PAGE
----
The Carolina Panthers have road wins over the Detroit Lions and New England Patriots this year, and only lost to the Philadelphia Eagles by five points last week (despite Cam Newton throwing three interceptions). The bet here is the Bears keep things close on the backs of a strong defense, but either can’t make enough plays or make too many mistakes to win. 

Prediction: Panthers 20, Bears 16

Offseason of change begins with Cubs firing pitching coach Chris Bosio


Offseason of change begins with Cubs firing pitching coach Chris Bosio

"Of course," Cubs manager Joe Maddon said in the middle of the National League Championship — he would like his coaches back in 2018. Pitching coach Chris Bosio told the team's flagship radio station this week that the staff expected to return next year. President of baseball operations Theo Epstein didn't go that far during Friday afternoon's end-of-season news conference at Wrigley Field, but he did say: "Rest assured, Joe will have every coach back that he wants back."

That's Cub: USA Today columnist Bob Nightengale first reported Saturday morning that Bosio had been fired, the team declining a club contract option for next year and making a major influence on the Wrigleyville rebuild a free agent. Epstein and Bosio did not immediately respond to text messages and the club has not officially outlined the shape of the 2018 coaching staff.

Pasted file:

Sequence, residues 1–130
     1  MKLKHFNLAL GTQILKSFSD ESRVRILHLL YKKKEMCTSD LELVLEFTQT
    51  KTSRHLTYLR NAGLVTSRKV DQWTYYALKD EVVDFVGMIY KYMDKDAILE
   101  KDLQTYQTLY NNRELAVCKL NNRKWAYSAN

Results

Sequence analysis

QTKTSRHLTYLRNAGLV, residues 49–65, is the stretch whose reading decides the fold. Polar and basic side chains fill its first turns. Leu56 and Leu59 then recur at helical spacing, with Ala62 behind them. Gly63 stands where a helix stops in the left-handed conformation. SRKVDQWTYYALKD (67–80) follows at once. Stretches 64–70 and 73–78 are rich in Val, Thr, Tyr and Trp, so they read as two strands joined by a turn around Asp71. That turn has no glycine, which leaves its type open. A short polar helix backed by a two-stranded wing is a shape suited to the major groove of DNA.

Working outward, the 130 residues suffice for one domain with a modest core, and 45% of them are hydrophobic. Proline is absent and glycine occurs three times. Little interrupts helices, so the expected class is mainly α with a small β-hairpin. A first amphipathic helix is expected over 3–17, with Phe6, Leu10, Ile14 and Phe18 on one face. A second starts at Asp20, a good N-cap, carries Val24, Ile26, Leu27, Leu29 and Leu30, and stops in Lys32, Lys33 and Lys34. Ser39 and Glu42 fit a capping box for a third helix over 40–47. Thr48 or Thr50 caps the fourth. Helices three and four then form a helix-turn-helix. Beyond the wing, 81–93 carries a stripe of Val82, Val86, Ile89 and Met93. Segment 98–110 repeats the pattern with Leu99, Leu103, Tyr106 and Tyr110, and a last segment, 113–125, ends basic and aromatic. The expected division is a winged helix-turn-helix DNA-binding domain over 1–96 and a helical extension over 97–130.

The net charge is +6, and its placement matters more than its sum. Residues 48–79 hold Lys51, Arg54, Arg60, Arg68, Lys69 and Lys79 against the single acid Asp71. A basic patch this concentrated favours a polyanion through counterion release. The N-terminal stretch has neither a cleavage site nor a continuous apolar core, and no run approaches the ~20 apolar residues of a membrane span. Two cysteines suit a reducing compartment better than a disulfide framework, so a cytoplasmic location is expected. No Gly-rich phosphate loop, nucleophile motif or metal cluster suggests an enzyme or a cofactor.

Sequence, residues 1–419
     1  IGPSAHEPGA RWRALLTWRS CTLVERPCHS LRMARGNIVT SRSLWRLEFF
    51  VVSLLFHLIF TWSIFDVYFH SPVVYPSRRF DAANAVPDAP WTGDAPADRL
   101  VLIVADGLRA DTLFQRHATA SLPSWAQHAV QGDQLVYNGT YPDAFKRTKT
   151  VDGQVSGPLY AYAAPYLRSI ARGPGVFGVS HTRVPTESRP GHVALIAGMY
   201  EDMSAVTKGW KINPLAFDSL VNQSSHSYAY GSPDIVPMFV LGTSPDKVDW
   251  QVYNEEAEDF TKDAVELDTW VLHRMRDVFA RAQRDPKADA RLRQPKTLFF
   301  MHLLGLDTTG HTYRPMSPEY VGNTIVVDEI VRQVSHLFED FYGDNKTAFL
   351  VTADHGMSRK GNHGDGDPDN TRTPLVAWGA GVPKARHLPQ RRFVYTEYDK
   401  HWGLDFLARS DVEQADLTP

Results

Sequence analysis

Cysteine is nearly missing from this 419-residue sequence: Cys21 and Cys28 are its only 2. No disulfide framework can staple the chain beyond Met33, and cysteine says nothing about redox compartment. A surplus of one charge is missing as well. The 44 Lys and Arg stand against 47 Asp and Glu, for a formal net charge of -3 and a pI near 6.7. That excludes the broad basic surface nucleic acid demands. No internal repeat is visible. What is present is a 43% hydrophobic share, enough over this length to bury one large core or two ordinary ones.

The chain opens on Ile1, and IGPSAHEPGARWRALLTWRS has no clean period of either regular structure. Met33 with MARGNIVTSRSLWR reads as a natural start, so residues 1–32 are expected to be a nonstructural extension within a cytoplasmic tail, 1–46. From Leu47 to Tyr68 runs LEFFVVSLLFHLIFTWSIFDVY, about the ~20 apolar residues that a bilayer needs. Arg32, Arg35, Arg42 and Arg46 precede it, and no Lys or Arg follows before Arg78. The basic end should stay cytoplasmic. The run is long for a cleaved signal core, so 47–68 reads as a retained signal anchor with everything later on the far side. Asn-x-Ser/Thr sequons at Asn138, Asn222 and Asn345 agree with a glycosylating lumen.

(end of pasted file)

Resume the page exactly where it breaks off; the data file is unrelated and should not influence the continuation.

Those exit meetings on Friday at Wrigley Field are just the beginning of an offseason that could lead to sweeping changes, with the Cubs looking to replace 40 percent of their rotation, identify an established closer (whether or not that's Wade Davis), find another leadoff option and maybe break up their World Series core of hitters to acquire pitching. 

The obvious candidate to replace Bosio is Jim Hickey, Maddon's longtime pitching coach with the Tampa Bay Rays who has Chicago roots and recently parted ways with the small-market franchise that stayed competitive by consistently developing young arms like David Price and Chris Archer.

Of course, Maddon denied that speculation during an NLCS where the Los Angeles Dodgers dominated the Cubs in every phase of the game and the manager's bullpen decisions kept getting second-guessed.

Bosio has a big personality and strong opinions that rocked the boat at times, but he brought instant credibility as an accomplished big-league pitcher who helped implement the team's sophisticated game-planning system.

Originally a Dale Sveum hire for the 2012 season/Epstein regime Year 1 where the Cubs lost 101 games, Bosio helped coach up and market short-term assets like Ryan Dempster, Scott Feldman, Matt Garza and Jeff Samardzija. 

Those win-later trades combined with Bosio's expertise led to a 2016 major-league ERA leader (Kyle Hendricks) and a 2015 NL Cy Young Award winner (Jake Arrieta) plus setup guys Pedro Strop and Carl Edwards Jr. and All-Star shortstop Addison Russell.

Bosio helped set the foundation for the group that won last year's World Series and has made three consecutive trips to the NLCS. But as the Cubs are going to find out this winter, there is a shelf life to everything, even for those who made their mark during a golden age of baseball on the North Side.